By the end of the mid-1990s, Mobutu had become more noticeable by his absence than by his presence, a tall, gravel-voiced figure glimpsed occasionally at official ceremonies and airport walkabouts in Kinshasa, or fielding hostile questions at a rare press conference in France with a sardonic politeness that hinted at huge world-weariness. Rattled by the army riots that had twice devastated his cities, belatedly registering the extent to which he was hated, he had withdrawn from a resentful capital to the safety of Gbadolite, his palace in the depths of the equatorial forest, to nurse his paranoia.
His impassive portrait, decked in comic-opera uniform, kept watch on his behalf, glowering from banks, shops and reception halls. “Big Man” rule had been encapsulated in one timeless brand: leopardskin toque, Buddy Holly glasses and the carved cane so imbued with presidential force mere mortals, it was said, could never hope to lift it. He liked to be known as the Leopard, and the face of a roaring big cat was printed on banknotes, ashtrays and official letter-heads. But to a population that had once hailed him as “Papa,” he was now known as “the dinosaur,” a tribute to how sclerotic his regime had become. Certainly, on a continent of dinosaur leaders, of Biya and Bongo, Mugabe and Moi, he rated as a Tryrannosaurus Rex of the breed, setting an example not to be followed. No other African autocrat had proved such a wily survivor. No other president had been presented with a country of such potential, yet achieved so little. No other leader had plundered his economy so effectively or lived the high life to such excess.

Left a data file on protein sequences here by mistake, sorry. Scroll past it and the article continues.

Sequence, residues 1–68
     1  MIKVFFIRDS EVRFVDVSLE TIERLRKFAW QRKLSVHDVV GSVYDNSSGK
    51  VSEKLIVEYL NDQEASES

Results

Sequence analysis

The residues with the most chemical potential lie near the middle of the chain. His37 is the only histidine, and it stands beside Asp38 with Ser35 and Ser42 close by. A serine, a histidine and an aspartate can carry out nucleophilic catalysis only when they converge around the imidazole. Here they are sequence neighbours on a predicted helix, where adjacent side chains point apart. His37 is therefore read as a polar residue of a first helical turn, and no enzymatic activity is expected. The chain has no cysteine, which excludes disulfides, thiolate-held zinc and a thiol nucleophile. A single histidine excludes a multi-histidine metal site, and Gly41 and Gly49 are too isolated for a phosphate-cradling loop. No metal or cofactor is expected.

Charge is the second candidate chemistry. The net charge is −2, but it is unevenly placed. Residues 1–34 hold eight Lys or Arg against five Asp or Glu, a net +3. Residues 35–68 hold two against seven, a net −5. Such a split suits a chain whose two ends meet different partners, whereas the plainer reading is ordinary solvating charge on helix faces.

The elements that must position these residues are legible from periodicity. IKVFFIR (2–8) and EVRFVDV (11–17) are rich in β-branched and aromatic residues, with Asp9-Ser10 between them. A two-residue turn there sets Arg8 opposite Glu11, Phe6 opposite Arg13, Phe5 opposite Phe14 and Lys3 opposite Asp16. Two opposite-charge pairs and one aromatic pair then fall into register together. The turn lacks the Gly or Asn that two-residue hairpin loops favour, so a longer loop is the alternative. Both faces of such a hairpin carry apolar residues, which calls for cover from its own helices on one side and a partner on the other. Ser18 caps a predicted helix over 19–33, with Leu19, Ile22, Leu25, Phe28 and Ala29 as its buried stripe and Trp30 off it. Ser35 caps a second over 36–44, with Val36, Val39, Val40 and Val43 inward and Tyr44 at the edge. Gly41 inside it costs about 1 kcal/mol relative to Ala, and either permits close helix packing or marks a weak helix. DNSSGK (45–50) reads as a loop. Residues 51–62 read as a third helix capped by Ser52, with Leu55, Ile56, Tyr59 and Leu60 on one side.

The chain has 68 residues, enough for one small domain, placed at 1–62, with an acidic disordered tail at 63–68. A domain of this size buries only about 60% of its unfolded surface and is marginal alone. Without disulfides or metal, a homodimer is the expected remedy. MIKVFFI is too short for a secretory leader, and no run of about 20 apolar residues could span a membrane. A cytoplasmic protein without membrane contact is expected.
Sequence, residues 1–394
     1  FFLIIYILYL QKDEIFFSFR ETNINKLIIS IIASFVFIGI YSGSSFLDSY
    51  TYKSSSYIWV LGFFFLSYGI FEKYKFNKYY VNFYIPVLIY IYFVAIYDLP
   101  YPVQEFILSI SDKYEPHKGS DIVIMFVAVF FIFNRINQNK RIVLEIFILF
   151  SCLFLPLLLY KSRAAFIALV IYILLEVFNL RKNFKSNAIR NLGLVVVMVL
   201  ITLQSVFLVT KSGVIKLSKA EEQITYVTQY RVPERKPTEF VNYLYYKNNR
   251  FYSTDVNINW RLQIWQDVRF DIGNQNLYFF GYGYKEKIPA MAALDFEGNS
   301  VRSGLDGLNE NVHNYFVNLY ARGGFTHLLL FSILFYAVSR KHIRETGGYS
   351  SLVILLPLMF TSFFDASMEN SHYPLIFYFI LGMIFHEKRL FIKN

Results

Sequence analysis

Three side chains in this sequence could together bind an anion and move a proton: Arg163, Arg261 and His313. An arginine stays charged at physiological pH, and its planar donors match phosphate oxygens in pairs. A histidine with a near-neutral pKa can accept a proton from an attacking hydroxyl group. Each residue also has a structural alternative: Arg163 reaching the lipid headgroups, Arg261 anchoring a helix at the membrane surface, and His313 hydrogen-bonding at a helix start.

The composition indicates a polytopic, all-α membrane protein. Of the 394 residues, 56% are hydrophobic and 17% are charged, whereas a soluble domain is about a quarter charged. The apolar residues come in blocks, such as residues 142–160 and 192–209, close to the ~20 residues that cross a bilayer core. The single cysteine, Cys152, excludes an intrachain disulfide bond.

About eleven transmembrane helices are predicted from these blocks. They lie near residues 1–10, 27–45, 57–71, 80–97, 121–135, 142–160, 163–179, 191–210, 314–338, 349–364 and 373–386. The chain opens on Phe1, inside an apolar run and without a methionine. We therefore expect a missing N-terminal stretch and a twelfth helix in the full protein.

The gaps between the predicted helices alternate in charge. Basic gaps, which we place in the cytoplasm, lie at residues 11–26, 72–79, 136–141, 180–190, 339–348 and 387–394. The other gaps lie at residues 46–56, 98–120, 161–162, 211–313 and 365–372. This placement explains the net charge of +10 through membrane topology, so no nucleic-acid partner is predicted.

Preyed on by young men with Kalashnikovs, its administration corroded by corruption, a nation the size of Western Europe had fallen off the map of acceptable destinations. My battered copy of the Belgian Guide Nagel, picked up in a Paris bookshop, described Kinshasa as a modern capital “boasting all the usual attributes of Europe’s great cities” and encouraged the tourist to explore its museums, monuments and “indigenous quarters.” But that had been in 1959, when the world was a white man’s oyster. Kinshasa was now a stop bypassed by hardened travelers, where airlines avoided leaving their planes overnight for fear of what the darkness would bring. A hardship posting for diplomats, boycotted by the World Bank and IMF, it was a country every resident seemed determined to abandon, if only they could lay their hands on the necessary visa.
I would be there for the end, and for the beginning of the end.